Monday, 3 February 2014

The Man in the Sky (1956)
(aka Decision Against Time)
Jack Hawkins
This is a rather unusual film: the story of a test-pilot and his attempts to keep a damaged aircraft in the air long enough to use up sufficient fuel to allow him to land safely on one engine, so that the problem can be fixed and the company can win an order that will stop it going out of business.
So, you say, what's so unusual about that? Quite simply this: around one third of the film is shot in real-time, the drama is played out in periods of silent tension and, when the tension is finally broken, there are absolutely no hysterics.

Anyone know the man on the left? Walter Fitzgerald, Ernest Clark, John Stratton and Russell Waters

Walter Fitzgerald, Ernest Clark & John Stratton
When the plane finally lands safely, there are no scenes of joyous excitement. The pilot, John Mitchell (Jack Hawkins) isn't carried shoulder high by celebrating airfield staff. In short, this isn't Top Gun - you'll find no scenes of back-slapping homoeroticism here. Instead, Hawkins climbs into his car, drives home, picks up the laundry ...
Jack Hawkins
... sits in isolation, argues with his wife ...   
Jack Hawkins & Elizabeth Sellars
... then telephones an estate agent to put an offer on a house. As simple as that. He an extraordinary man, with an ordinary life.

I know that Jack Hawkins is hardly one of the UK's most popular ever actors, and some critics have been very harsh about his talents, but here Hawkins is perfect. Like The Cruel Sea, The Man in the Sky is a tale of someone struggling with life in the most extreme circumstances. Everyone is relying on him and he can't help but struggle under the weight of expectation and responsibility. And that is when directors always seemed to get the best out of Hawkins.

In many ways there are similarities between the characters played by Hawkins in both The Cruel Sea and The Man in the Sky: Both are men who will do their utmost to withstand pressure, to combine doing their duty with what they consider to be right. They seem able to attain greatness but struggle to handle recognition.  Both are men who are somehow disappointed and dissatisfied with their situation: in The Cruel Sea Captain Ericson would prefer to still be in charge of a Merchant Ship, responsible only for his own crew, whilst John Mitchell is a test-pilot growing old in a world surrounded by pilots who saw operational service in wartime, whilst he was fated only to serve as a flight instructor despite his attempts to see action. In the film his assistant test-pilot is even an ex-RAF pilot who he had trained. And both Ericson and Mitchell are characters on the brink of cracking under the strain they have taken upon their shoulders.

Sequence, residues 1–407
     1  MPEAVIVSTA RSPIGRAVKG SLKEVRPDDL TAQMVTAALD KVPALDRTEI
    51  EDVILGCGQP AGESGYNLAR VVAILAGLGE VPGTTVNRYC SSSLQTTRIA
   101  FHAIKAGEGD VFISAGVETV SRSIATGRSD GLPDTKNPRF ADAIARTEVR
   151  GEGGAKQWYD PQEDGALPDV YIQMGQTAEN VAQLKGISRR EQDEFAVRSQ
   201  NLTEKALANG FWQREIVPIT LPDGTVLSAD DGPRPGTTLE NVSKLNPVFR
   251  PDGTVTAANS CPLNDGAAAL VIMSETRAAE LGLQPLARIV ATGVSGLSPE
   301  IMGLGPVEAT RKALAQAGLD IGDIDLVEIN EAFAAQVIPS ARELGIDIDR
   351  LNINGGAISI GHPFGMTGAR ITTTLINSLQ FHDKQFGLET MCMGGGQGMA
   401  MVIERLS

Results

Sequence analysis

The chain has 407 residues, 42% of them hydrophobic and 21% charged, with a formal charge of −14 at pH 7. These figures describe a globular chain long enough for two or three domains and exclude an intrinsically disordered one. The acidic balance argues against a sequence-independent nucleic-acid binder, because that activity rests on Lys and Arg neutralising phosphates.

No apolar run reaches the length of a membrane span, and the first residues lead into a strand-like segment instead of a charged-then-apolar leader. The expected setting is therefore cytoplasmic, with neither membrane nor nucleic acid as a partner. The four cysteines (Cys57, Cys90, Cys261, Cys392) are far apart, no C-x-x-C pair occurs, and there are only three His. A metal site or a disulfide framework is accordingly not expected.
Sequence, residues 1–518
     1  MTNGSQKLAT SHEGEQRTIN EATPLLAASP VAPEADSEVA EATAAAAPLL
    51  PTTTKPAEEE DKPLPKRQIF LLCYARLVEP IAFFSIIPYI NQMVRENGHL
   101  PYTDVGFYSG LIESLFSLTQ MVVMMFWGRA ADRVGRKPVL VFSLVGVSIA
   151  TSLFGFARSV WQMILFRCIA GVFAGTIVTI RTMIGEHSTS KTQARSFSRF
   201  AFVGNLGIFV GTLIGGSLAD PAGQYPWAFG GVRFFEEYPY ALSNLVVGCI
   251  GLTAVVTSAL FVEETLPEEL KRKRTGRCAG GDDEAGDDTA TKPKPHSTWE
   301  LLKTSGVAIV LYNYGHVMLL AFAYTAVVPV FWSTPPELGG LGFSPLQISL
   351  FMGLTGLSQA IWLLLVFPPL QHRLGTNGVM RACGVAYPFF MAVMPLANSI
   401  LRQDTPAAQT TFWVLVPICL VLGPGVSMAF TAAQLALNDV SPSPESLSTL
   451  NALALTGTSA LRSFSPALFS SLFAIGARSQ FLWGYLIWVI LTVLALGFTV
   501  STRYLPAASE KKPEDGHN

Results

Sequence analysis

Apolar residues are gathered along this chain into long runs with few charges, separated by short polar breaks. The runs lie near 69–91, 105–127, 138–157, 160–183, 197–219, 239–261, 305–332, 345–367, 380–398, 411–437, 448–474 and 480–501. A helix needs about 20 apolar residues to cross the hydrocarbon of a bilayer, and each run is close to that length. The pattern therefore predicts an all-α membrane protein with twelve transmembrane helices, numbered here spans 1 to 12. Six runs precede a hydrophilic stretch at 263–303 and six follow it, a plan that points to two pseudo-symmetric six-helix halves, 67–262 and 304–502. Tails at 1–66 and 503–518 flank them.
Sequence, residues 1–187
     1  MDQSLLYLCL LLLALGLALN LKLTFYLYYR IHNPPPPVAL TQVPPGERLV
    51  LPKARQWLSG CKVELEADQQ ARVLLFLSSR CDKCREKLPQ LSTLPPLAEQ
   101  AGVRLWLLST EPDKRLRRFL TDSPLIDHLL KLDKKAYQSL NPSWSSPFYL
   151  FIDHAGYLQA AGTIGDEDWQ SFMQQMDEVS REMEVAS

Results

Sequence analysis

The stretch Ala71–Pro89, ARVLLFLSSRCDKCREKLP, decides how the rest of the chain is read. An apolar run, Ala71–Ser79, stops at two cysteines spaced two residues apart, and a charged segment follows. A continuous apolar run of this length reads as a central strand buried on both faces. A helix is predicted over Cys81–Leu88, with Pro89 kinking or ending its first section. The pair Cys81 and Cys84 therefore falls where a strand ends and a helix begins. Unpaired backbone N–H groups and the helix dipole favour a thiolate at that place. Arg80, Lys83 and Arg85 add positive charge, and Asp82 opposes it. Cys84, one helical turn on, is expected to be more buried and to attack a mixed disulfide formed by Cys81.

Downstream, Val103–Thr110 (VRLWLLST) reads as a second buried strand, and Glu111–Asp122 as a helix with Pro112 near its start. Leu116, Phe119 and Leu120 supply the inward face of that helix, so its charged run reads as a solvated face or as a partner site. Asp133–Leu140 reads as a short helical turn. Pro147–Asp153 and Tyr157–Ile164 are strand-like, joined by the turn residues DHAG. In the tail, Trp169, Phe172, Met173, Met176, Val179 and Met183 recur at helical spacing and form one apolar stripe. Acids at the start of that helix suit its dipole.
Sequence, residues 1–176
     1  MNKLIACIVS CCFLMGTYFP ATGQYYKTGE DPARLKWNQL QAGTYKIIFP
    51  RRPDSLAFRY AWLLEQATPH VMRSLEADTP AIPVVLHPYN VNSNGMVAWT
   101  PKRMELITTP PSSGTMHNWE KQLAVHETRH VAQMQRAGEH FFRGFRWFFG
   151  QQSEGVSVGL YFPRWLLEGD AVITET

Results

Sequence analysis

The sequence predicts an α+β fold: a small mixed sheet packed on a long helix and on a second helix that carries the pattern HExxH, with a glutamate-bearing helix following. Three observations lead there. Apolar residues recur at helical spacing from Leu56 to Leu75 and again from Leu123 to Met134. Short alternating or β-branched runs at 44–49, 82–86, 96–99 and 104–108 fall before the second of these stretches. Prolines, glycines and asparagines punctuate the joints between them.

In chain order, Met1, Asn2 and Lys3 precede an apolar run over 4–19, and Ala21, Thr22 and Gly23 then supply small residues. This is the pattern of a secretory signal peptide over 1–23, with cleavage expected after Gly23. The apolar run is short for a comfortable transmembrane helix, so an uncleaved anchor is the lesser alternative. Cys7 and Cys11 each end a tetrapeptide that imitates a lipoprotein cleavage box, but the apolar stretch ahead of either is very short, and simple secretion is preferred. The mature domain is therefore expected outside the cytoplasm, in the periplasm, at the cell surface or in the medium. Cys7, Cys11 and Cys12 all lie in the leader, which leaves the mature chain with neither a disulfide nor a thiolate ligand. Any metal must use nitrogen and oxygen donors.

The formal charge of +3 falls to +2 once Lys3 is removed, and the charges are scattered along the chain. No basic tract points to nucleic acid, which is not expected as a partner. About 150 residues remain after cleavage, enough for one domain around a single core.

Jack Hawkins
 In a way, the film has a continental feel to it. Don't ask me to explain that, but it somehow doesn't feel British - and certainly doesn't have an ounce of Hollywood about it. The finest point is the note prepared by Mitchell for his wife at the point he thinks he might die: although the existence of the note is pivotal, the audience finds out what he had written.

I noted from the credits that Seth Holt was an associate producer on the film. As the man who directed one of my all-time favourite Ealing films - Nowhere To Go - and two of the best Hammer productions - Taste of Fear and The Nanny - maybe it's simply that he has the magic touch (for me at least).

In many ways, it has a distinctly modern feel in the way it handles the reaction of witnesses to the incident: Understandably, the staff at the airfield come out to watch what is happening. After all, this is man they know risking his life to save the company. However, a journalist arrives but realises there will be no story unless the plane crashes. Similarly, a group a cyclist arrive to watch, only to depart the moment they realise they wont be treated to drama.

Howard Marion-Crawford
Also appearing are:
Elizabeth Sellars & Catherine Lacey

Megs Jenkins

John Stratton as the co-pilot Peter Hook (who also appeared as a subordinate to Jack Hawkins in The Cruel Sea and The Long Arm)

Victor Maddern & Lionel Jefferies

Eddie Byrne

Donald Pleasance (with Eddie Byrne & Jack Hawkins)
Also of note, from a period perspective, was the lack of health & safety for car passengers when Mitchell takes his children for a ride. it reminds me of the days when children could move about at will in a car:

For those interested in this sort of thing, the plane is a Bristol Type 170 Mark IIA:

In the words of Keith M. Johnston, a lecturer of film and television studies at the University of East Anglia: "this remains a fascinating film, and one that should be better known among the Ealing canon."

I agree.
 Currently available on DVD.
 This poster from the film's US release is currently available from Greg Edwards:

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